“Senator Mitchell will … work to support the objectives that the President and I believe are critical and pressing in Gaza, to develop a program for humanitarian aid and eventual reconstruction,” said Secretary of State Hillary Clinton on January 22, 2009, the day George Mitchell was named Special Envoy for Middle East Peace.
Since then a stream of political leaders have visited Gaza including: Senator John Kerry, chair of the Foreign Relations Committee, US Congress members Brian Baird and Keith Ellison, the European Union’s high representative for foreign affairs and security policy, Catherine Ashton, the Quartet’s Middle East envoy, Tony Blair, UN Secretary-General Ban Ki-moon, Secretary-General of the Arab League Amer Mousa, and a European Parliamentary Delegation comprised of 55 MEPs and MPs.
So far, the closest Mitchell has come to Gaza is to visit the Kerem Shalom crossing where he participated in an Israeli PR stunt at the end of June.
When he left the Senate, Mitchell said he hoped to become baseball commissioner — he’d turned down an offer from President Clinton to become a Supreme Court justice. He went on to become Chairman of the Walt Disney Company.
After a year and a half as so-called Middle East peace envoy, Mitchell has accomplished less than nothing. He should do himself and the region a favor: salvage a bit of dignity and quit.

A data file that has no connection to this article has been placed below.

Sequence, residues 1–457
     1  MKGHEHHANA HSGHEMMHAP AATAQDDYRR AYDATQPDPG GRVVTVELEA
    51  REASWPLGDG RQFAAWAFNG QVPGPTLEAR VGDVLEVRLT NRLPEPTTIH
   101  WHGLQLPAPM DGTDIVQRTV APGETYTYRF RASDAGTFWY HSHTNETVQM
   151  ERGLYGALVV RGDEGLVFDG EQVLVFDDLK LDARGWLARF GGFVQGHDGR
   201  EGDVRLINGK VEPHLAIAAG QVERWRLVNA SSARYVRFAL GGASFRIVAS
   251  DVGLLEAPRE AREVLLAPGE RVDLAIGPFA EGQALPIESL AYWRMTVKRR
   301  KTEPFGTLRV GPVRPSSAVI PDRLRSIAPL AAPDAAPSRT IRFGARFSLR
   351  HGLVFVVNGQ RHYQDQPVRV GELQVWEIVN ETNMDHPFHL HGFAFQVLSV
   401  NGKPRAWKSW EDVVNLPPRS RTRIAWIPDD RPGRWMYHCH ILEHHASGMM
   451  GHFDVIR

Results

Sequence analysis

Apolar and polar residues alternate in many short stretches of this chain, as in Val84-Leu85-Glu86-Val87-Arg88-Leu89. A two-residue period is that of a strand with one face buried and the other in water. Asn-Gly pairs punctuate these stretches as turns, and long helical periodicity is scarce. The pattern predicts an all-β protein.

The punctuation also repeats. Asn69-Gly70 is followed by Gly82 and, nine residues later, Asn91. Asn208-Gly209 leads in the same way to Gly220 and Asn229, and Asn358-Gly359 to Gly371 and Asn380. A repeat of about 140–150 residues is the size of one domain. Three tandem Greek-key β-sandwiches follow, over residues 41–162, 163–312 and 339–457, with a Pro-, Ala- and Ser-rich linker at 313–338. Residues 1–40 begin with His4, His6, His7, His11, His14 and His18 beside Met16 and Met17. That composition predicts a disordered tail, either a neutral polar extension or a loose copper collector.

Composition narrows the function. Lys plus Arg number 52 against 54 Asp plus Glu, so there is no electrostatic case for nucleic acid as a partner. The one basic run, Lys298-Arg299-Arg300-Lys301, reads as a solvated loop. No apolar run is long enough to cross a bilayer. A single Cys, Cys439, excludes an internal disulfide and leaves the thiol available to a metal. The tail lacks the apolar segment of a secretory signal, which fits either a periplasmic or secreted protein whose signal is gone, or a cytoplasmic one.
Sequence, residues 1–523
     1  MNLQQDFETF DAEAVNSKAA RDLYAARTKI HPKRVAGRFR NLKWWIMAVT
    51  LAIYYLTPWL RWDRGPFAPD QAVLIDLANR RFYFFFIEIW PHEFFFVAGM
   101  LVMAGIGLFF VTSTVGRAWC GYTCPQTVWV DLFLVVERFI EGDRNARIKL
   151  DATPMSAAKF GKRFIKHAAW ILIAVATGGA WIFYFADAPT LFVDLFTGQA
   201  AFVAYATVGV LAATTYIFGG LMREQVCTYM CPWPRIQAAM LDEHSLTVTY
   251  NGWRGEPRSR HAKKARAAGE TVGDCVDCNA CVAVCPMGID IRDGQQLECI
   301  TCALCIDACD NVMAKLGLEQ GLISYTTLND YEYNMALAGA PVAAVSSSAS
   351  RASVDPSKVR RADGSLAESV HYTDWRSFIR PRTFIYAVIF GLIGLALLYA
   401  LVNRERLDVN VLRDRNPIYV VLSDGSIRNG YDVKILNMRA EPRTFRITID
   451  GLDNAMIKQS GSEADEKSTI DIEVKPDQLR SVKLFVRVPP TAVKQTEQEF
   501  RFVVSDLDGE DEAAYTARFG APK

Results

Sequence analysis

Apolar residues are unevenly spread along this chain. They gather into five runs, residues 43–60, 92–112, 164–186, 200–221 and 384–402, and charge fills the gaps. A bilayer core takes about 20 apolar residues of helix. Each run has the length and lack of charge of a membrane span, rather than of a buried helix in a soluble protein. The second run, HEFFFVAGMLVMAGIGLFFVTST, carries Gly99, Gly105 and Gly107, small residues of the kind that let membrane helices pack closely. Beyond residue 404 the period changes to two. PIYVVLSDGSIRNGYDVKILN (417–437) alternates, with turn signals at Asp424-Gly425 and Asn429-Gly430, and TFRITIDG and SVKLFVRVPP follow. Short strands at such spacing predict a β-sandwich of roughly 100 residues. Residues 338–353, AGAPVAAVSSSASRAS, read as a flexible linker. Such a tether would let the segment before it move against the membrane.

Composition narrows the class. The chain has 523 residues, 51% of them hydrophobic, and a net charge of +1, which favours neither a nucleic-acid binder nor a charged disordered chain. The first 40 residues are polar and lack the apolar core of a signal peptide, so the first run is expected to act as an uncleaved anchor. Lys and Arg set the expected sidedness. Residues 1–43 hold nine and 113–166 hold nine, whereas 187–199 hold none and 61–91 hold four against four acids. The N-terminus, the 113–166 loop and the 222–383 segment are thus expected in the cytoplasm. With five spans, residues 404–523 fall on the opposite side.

This weekend, Chris Patten, the British Conservative politician and former European Commissioner, became the latest high profile figure to do what George Mitchell can’t bring himself to do: visit Gaza.
On a visit to Gaza over the weekend, former EU commissioner, Chris Patten, has called for an end to the blockade of the Strip and for a reassessment of the ‘ridiculous’ policy of isolating Hamas.
At a press conference in the territory on Monday, he called for channels of dialogue with Hamas to be re-opened and stated that the siege of Gaza did not result in a moderate position but in an increase of tensions.
Patten called for the necessity of ending the illegal Israeli settlement expansion in the West Bank and pressed hard for an end the siege of the Gaza Strip, and the application of UN Resolution 1860. His visit coincides with the second visit of the High Representative for Common Foreign and Security Affairs in the European Union, Catherine Ashton, to Gaza who also called on Israel not just to allow more goods into the sector but to fully open Gaza’s borders.
Patten said that as the biggest supporter of the Palestinian people and Israel’s largest economic partner, the EU should play a greater role in the Middle East.
He stated that many of the health problems suffered by residents of the sector were caused by the embargo, which prohibits the entry of medical supplies and prevents patients with certain conditions from travelling to receive medical treatment. Patten visited the director of operations for UNRWA in Gaza, John Ging, as well as several medical sector projects and was briefed on health conditions in the sector.
This is Patten’s third visit to Gaza. [Middle East Monitor]